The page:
And in the midst of the depths of misery and degradation, the Soul sends a ray of light, and man wakes up and finds that what is really his, he can never lose. No, we can never lose what is really ours. Who can lose his being? Who can lose his very existence? If I am good, it is the existence first, and then that becomes coloured with the quality of goodness. If I am evil, it is the existence first, and that becomes coloured with the quality of badness. That existence is first, last, and always; it is never lost, but ever present.
Therefore, there is hope for all. None can die; none can be degraded for ever. Life is but a playground, however gross the play may be. However we may receive blows, and however knocked about we may be, the Soul is there and is never injured. We are that Infinite.
Thus sang a Vedantin, “I never had fear nor doubt. Death never came to me. I never had father or mother: for I was never born. Where are my foes? — for I am All. I am the Existence and Knowledge and Bliss Absolute. I am It. I am It. Anger and lust and jealousy, evil thoughts and all these things, never came to me; for I am the Existence, the Knowledge, the Bliss Absolute. I am It. I am It.”
That is the remedy for all disease, the nectar that cures death. Here we are in this world, and our nature rebels against it. But let us repeat, “I am It; I am It. I have no fear, nor doubt, nor death. I have no sex, nor creed, nor colour. What creed can I have? What sect is there to which I should belong? What sect can hold me? I am in every sect!”
However much the body rebels, however much the mind rebels, in the midst of the uttermost darkness, in the midst of agonising tortures, in the uttermost despair, repeat this, once, twice, thrice, ever more. Light comes gently, slowly, but surely it comes.
Many times I have been in the jaws of death, starving, footsore, and weary; for days and days I had had no food, and often could walk no farther; I would sink down under a tree, and life would seem ebbing away. I could not speak, I could scarcely think, but at last the mind reverted to the idea: “I have no fear nor death; I never hunger nor thirst. I am It! I am It! The whole of nature cannot crush me; it is my servant. Assert thy strength, thou Lord of lords and God of gods! Regain thy lost empire! Arise and walk and stop not!” And I would rise up, reinvigorated, and here am I, living, today. Thus, whenever darkness comes, assert the reality and everything adverse must vanish. For, after all, it is but a dream. Mountain-high though the difficulties appear, terrible and gloomy though all things seem, they are but Mâyâ. Fear not — it is banished. Crush it, and it vanishes. Stamp upon it, and it dies. Be not afraid. Think not how many times you fail. Never mind. Time is infinite. Go forward: assert yourself again and again, and light must come. You may pray to everyone that was ever born, but who will come to help you? And what of the way of death from which none knows escape? Help thyself out by thyself. None else can help thee, friend. For thou alone art thy greatest enemy, thou alone art thy greatest friend. Get hold of the Self, then. Stand up. Don’t be afraid. In the midst of all miseries and all weakness, let the Self come out, faint and imperceptible though it be at first. You will gain courage, and at last like a lion you will roar out, “I am It! I am It!” “I am neither a man, nor a woman, nor a god, nor a demon; no, nor any of the animals, plants, or trees. I am neither poor nor rich, neither learned nor ignorant. All these things are very little compared with what I am: for I am It! I am It! Behold the sun and the moon and the stars: I am the light that is shining in them! I am the beauty of the fire! I am the power in the universe! For, I am It! I am It!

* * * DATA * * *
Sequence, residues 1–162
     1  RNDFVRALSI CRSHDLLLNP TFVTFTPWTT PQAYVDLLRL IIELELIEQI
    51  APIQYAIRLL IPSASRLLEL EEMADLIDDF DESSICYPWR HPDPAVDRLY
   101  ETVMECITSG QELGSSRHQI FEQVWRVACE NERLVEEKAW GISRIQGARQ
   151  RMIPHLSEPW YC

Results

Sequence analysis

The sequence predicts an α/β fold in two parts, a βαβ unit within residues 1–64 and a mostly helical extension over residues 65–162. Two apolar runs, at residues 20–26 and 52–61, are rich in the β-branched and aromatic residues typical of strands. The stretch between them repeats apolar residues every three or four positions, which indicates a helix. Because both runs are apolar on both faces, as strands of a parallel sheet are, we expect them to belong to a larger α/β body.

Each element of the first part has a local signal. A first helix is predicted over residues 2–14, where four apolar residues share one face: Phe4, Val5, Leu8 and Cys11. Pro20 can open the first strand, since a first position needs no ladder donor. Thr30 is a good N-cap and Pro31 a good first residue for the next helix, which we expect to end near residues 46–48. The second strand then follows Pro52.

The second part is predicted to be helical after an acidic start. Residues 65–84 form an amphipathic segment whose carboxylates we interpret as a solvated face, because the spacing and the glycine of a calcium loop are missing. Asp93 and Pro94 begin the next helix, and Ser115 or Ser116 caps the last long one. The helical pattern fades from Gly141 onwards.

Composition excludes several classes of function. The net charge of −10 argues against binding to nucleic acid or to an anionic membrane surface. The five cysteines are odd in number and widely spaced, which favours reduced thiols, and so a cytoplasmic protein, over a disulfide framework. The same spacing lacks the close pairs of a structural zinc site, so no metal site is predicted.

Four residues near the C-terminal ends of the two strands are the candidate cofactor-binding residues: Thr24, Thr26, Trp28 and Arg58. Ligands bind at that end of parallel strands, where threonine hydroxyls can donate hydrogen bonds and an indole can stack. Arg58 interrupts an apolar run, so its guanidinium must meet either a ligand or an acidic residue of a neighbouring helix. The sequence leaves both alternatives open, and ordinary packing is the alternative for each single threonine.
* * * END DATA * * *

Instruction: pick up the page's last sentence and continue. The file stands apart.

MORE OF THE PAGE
“Whoever thinks that I am little makes a mistake, for the Self is all that exists. The sun exists because I declare it does, the world exists because I declare it does. Without me they cannot remain, for I am Existence, Knowledge, and Bliss Absolute — ever happy, ever pure, ever beautiful. Behold, the sun is the cause of our vision, but is not itself ever affected by any defect in the eyes of any one; even so I am. I am working through all organs, working through everything, but never does the good and evil of work attach to me. For me there is no law, nor Karma. I own the laws of Karma. I ever was and ever am.
“My real pleasure was never in earthly things — in husband, wife, children, and other things. For I am like the infinite blue sky: clouds of many colours pass over it and play for a second; they move off, and there is the same unchangeable blue. Happiness and misery, good and evil, may envelop me for a moment, veiling the Self; but I am still there. They pass away because they are changeable. I shine, because I am unchangeable. If misery comes, I know it is finite, therefore it must die. If evil comes, I know it is finite, it must go. I alone am infinite and untouched by anything. For I am the Infinite, that Eternal, Changeless Self.” — So sings one of our poets.
Let us drink of this cup, this cup that leads to everything that is immortal, everything that is unchangeable. Fear not. Believe not that we are evil, that we are finite,. that we can ever die. It is not true.
“This is to be heard of, then to be thought upon, and then to be meditated upon.” When the hands work,. the mind should repeat, “I am It. I am It.” Think of it, dream of it, until it becomes bone of your bones and; flesh of your flesh, until all the hideous dreams of littleness, of weakness, of misery, and of evil, have entirely vanished, and no more then can the Truth be hidden from you even for a moment.